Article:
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How to design your at home study space

We create spaces in our homes for designated activities. It’s one of the ways we organize our lives – following a stream of consecutive movements from one room to the next until we go to sleep.  

While at school, I often tried to maintain the intention of each space. I did my eating in the kitchen, my tv-watching in the living room, and my sleeping in the bedroom. I mean that’s why we have rooms right? 

Upon returning home due to the COVID – 19 pandemic, that rhythm was disrupted. My family and I were living on top of each other trying to make things work. It felt as if each room had been comprised for the sake of functionality.  

I knew I wouldn’t be a successful as an online student if I didn’t fashion my own study area to keep my sanity. Mentally, I needed a space that embraced my desired learning atmosphere and didn’t interrupt the flow of my home.  

So, if you’re like me – someone who needs a corner to perform all the studious tasks – here are some helpful tips for setting up an at-home Student Success Center.  

Joanna Gaines inspired of course.  

Finding a Space to Study

The first step, obviously, is to find an area of your home that supports your preferred academic environment.

Lighting, noise, and overall impression of the place are important factors to consider when deciding where you want to set up. It’s just as important as the design aspect.

Are you someone who enjoys natural sunlight? Look for a spot illuminated by the sun. According to edutopia.org, exposure to natural light boosts your mood and cognitive performance. Windows also perform as great escapes for your eyes when you’ve been staring at the computer screen too long.

If you favor less light, but still need the yellow rays to keep you company, try a corner that doesn’t directly interact with the sun. You can still see the outside, but it’s not as distracting.

The appropriate noise level is also something to consider. So, ask yourself this – were you a Holy Grounds person or a Library person? Or maybe an in-between-noise-level-person like Student Success Center? If you’re able to associate yourself with any of these atmospheres you already know the kind of commotion you can handle.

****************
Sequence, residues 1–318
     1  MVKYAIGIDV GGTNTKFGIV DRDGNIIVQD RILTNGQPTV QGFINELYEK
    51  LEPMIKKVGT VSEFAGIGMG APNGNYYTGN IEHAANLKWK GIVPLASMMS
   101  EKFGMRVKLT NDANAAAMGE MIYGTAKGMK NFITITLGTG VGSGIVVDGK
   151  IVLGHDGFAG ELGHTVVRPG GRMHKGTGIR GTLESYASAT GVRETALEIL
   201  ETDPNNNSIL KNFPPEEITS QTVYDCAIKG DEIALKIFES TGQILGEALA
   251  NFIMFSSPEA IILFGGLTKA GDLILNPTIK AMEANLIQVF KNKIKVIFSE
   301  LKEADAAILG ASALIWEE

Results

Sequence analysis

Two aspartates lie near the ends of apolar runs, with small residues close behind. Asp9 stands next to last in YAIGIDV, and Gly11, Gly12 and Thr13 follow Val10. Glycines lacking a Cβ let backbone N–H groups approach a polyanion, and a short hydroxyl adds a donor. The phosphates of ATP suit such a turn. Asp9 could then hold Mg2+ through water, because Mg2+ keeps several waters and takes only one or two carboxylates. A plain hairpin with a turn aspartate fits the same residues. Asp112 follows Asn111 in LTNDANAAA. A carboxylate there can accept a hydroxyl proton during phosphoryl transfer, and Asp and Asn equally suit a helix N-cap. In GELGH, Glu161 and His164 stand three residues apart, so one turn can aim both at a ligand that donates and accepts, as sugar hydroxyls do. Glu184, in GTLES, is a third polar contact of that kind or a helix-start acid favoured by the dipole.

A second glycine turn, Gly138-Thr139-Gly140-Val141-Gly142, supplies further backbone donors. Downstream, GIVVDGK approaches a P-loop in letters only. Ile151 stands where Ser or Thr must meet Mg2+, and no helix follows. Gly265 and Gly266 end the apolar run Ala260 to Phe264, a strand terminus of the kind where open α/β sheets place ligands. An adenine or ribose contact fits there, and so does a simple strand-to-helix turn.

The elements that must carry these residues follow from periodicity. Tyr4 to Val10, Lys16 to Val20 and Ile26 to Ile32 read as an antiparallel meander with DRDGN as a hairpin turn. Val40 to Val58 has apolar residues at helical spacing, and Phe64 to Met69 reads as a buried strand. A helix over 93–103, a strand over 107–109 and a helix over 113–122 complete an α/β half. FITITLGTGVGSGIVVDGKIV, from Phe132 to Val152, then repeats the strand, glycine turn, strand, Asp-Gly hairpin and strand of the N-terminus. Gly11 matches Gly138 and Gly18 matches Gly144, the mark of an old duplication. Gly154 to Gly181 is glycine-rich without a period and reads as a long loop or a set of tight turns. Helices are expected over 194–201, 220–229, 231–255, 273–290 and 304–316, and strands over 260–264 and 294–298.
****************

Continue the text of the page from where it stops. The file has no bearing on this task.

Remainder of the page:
Lastly, what’s the overall aura the space emits? It might sound a little hippy, but you should feel like you can study there every day. It needs to embrace all these important factors.


The next step is the fun part – decoration!

The easiest way for me to compile items for any space is to establish a color scheme. Pick out colors that help you feel relaxed and focused – like green and blue. Or warmer shades like red, orange, and yellow which generate an alert-atmosphere.

I tend to operate within the primary colors, allowing green accents. And by “green accents” – I mean plants.

The brightness of the red and yellow lift the overall attitude, making the study area more cheerful. Blue, in contrast, mellows out the sunnier colors to create a balanced mood. The green plants exhale more relaxed energy into the room – providing fresh oxygen and life to the space.


Once these things have been determined, start searching for items that compliment your general style.

I complied with the decorations used in my old Kremmeter Hall bedroom and narrowed it down to these complementary items.

If you haven’t retrieved your belongings from your dorm, comb through your mom’s hibernating household knickknacks and wall art. Most moms (my mom) hoard decorations. Rummaging through the storage closet closely equates itself to shopping at Pier1 – expect messier – but also COVID-19 free. You give and you take.

Or embellish your study nook with your own creative work. Do you have two pieces that you love with no way to connect them? Find a canvas or another artistic medium to create a cohesion between the two items.


Find your own place to stimulate a productive environment for you while using these tips. Remember, always make this space your own, this will allow for more prolific study time and more cups of coffee consumed.

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